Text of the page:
Monday, December 29, 2008

Day 1: Tokyo - Harajuku, Shimokitazawa, Jiyugoaka

The Meiji Shrine in Harajuku
We started the day in Harajuku, where the Meiji Shrine is. I've been here before but it was nice to be back in a familiar place in a foreign land. This is a shrine dedicated to the emperor, who is also deemed as a deity - Son of Heaven. Many families have special occasions here, like weddings, graduations, funerals. People come here also to pray for good fortune and blessings. You can get talismans and charms for road safety, success in studies and business, and of course, in love. The weather was great and it was a nice walk. The sake and wine that were donated to the emperor are still there. This time though, people were busy preparing for the New Year celebrations coming up soon. Temple staff were carrying props and fixtures everywhere, and stands were being put up so that people can purchase charms on New Year's day, as well as the night food markets.

Shimokitazawa street shops
Next up was Shimokitazawa. Many small shops selling anything from groceries to gifts to furniture. We looked for a Curry place for lunch recommended by a travel magazine, but after going around a few times and double-checking for directions, we concluded that the shop had closed down. This is good advice, ALWAYS buy the latest travel guide, or at least, check online about your facts first. Finally, we had lunch at Popolamama consisting of Italian fusion. Pasta and pizza. It was pretty good. A standard meal that was filling! Afterwards we shopped around more, and then had coffee.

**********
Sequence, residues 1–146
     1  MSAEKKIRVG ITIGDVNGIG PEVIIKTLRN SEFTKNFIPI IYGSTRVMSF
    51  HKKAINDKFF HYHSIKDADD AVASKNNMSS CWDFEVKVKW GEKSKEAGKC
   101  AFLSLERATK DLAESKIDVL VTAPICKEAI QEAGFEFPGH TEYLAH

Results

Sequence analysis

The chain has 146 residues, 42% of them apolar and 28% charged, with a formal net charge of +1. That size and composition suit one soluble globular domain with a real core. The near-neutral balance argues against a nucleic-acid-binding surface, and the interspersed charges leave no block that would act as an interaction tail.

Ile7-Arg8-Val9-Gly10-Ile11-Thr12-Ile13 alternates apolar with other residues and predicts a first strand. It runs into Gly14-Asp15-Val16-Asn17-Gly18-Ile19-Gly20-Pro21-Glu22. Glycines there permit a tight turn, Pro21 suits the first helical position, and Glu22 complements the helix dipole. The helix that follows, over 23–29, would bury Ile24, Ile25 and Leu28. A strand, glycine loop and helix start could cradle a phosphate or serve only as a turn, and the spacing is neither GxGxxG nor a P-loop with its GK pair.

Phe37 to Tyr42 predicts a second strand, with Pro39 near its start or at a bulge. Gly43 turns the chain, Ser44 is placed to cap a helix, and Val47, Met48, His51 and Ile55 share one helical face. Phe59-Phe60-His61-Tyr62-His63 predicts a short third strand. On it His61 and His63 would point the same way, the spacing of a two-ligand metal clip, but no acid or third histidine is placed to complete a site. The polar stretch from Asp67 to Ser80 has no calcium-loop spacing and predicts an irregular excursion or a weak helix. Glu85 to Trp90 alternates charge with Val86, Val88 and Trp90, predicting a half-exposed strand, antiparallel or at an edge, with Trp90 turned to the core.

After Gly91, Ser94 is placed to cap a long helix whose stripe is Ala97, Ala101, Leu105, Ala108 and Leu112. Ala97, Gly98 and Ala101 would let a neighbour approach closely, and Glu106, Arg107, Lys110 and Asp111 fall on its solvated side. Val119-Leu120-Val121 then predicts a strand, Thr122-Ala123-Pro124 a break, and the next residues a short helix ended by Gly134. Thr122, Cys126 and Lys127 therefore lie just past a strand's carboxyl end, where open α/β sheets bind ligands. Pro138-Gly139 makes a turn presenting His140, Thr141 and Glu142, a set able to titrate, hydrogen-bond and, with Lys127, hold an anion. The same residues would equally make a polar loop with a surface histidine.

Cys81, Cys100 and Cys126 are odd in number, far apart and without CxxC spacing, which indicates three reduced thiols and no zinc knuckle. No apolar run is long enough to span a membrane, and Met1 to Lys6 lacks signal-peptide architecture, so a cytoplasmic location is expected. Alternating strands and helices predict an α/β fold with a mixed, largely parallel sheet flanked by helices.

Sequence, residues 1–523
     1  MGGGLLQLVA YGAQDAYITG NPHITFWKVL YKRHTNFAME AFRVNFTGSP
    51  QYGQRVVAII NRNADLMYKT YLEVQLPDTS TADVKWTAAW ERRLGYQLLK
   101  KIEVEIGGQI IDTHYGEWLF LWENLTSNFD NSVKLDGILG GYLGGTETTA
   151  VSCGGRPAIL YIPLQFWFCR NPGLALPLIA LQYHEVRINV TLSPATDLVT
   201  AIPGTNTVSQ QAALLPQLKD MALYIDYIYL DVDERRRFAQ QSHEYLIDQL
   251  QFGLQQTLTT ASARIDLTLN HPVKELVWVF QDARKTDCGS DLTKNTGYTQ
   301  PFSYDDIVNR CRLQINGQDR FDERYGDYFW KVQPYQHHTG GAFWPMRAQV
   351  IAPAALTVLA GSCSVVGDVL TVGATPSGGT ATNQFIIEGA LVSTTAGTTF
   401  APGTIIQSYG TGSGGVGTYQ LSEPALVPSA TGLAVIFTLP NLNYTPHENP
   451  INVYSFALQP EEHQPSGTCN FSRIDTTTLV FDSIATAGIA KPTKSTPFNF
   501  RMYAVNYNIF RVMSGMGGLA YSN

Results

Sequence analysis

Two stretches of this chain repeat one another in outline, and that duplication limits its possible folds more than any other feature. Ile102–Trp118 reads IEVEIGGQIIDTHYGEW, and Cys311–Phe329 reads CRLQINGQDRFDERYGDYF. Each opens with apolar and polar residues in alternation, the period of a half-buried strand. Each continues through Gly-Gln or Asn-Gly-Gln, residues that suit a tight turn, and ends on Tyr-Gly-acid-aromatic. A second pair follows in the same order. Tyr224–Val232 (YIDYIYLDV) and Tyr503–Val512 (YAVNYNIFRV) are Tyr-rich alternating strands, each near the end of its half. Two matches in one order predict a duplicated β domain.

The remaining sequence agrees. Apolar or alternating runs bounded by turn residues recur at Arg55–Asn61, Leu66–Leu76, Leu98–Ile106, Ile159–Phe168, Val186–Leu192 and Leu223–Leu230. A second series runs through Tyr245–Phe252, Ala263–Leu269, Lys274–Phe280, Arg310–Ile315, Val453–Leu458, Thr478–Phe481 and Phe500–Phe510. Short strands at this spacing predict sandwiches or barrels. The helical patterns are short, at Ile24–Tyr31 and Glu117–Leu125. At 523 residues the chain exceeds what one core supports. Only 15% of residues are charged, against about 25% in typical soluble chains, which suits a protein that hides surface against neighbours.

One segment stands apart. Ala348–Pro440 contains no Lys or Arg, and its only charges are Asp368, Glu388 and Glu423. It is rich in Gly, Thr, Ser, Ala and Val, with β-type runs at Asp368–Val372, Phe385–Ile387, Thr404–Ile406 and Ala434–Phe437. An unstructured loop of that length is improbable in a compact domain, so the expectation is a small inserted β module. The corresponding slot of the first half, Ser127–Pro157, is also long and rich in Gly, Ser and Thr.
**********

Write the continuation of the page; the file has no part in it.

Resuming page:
Jiyugaoka in Kanji is Hill of Freedom. But don't be mistaken, nothing is free there. More small shops again, this time with several dessert shops. Crepes along the roadside, the Sweet Forest - a food court that sells all kinds of desserts - cakes, ice-cream, chocolates, jelly, parfaits... After dessert, we had dinner at one of those hole-in-the-wall ramen shops. We were all very full already, but the ramen is always good in Japan. This one was a little oily, but hey, its ramen. Eating ramen in Japan can be very stressful. Everyone has their own place. there is not big table where you can sit together and chat. In fact, you are not supposed to chit-chat. Eat your ramen and get going! But don't forget to shout "Oishi!" because ramen is the best food in the universe.

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